In my line of work you can tell it's summer when - short of any real news to send out - the vendors start sending us the results of their latest surveys.
Most of these are about as newsworthy as "Small earthquake, no-one killed", but every once in a while something a bit more thought-provoking slips through. It's not always the thought that the vendor wanted to provoke, however...
So when Dell told me it'd commissioned The Ponemon Institute to look into how well business travellers protect the data on their laptops - to promote Dell's data protection services, of course - it wasn't the claim that 800,000 laptops go missing each year in airports world-wide that caught my eye.
The tale that 40 percent of business travellers haven't backed up the data on their machines didn't really surprise me either.
OK, it was slightly worrying to read that my local airport, London Heathrow, has the worst record in Europe, with 900 laptops being lost or stolen each week - that's 26 per terminal per day!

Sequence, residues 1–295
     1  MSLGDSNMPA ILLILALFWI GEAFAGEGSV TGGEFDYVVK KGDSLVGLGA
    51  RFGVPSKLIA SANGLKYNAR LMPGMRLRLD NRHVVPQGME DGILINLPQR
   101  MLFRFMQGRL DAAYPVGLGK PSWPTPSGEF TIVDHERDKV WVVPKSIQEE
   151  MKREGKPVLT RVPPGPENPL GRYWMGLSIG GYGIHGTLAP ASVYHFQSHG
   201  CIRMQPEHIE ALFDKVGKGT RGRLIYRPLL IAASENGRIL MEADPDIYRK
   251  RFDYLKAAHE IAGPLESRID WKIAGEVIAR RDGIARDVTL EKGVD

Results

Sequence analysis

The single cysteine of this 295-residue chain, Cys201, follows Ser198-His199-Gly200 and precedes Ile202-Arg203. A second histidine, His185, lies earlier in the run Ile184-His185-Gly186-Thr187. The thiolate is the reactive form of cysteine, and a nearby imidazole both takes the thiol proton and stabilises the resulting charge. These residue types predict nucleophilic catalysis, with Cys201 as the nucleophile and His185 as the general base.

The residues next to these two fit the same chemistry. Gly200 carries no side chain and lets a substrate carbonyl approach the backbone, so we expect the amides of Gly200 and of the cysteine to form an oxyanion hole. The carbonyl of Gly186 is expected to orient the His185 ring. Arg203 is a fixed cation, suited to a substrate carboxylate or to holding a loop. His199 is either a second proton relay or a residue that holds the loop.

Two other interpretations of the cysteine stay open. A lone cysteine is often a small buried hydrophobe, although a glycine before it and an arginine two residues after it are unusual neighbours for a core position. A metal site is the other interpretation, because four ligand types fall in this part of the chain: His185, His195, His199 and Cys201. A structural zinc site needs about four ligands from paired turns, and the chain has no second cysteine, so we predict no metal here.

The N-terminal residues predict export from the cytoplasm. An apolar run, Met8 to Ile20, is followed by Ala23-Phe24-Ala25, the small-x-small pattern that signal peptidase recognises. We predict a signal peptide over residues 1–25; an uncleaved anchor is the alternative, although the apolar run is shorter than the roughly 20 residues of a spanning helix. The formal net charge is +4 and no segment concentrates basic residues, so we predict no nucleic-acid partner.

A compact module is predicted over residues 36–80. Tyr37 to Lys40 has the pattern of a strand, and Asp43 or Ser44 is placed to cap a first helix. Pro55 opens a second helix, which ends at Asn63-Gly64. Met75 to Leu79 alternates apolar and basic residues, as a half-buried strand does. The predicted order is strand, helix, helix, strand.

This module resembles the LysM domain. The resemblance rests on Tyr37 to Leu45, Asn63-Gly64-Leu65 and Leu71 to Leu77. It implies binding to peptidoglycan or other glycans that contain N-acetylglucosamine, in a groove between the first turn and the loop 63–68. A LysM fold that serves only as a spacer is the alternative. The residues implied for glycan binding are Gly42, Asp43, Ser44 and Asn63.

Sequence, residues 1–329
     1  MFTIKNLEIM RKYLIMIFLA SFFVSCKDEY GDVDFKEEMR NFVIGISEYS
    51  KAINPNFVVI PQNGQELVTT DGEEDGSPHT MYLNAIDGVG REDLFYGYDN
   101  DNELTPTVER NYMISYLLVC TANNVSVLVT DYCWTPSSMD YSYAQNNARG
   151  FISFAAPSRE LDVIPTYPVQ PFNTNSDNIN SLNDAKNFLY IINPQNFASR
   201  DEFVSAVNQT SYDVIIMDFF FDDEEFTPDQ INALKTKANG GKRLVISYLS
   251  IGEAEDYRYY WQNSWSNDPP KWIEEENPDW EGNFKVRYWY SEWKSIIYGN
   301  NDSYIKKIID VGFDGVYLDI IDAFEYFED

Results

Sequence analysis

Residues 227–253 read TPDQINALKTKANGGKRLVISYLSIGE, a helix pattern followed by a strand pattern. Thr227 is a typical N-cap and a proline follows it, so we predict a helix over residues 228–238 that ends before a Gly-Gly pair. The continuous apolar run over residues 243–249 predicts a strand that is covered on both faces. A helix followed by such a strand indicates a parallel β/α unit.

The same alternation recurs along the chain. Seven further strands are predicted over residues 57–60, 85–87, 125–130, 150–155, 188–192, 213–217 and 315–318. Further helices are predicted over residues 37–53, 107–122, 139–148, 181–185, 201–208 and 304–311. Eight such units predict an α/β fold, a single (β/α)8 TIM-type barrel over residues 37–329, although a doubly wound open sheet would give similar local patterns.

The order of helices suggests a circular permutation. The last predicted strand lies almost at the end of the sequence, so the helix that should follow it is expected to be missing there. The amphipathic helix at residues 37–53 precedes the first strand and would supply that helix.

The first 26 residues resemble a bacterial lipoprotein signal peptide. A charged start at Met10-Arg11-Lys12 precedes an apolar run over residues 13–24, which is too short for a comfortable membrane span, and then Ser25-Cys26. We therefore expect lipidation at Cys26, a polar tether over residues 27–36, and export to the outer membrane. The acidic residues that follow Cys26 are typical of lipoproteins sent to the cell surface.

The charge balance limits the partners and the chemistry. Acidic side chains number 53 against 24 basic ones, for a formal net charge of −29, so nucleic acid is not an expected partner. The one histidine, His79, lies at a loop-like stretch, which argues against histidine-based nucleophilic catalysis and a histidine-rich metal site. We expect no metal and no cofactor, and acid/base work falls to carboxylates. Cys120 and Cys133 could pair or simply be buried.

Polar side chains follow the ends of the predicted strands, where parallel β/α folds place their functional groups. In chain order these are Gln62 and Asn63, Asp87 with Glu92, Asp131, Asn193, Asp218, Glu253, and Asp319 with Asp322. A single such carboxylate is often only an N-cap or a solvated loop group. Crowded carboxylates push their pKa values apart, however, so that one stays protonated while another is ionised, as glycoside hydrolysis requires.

But what I really found myself wondering about was the statement that 57 percent of missing laptops are never recovered - because that in turn means 43 percent are recovered.
Are their owners perhaps using a tracking system, such as the one Dell is reselling and which we reported on here? Or is it just that some travellers forgot their laptop bags in the executive lounge, but they were still there when they remembered?
It looks as if someone got the numbers a bit mixed up when they wrote up the study for us journalists - Dr Larry Ponemon says the 57 percent figure comes from interviews with airport staff and refers only to those laptops that end up in an airport's Lost Property department, and not the ones that are actually stolen.
The scary thing there is that a mere 43 percent of us manage to get a genuinely-lost (ie. mislaid, not stolen) laptop back. Dr Larry adds: "I believe that many airports' lost & found (especially those controlled by airport security) require proof of ownership such as knowledge of the computer's serial number. Airport authorities are reluctant to turn on the device for fear that this might violate privacy."
The lesson there is to make sure you have a note somewhere - preferably not in your laptop bag - of your machine's serial number, or stick an "If found, please call this number" label on the outside.
I'm still wondering though what proportion of "missing" airport laptops turn out to be genuinely stolen, rather than simply mislaid. Unfortunately, that's not in the survey - maybe next time?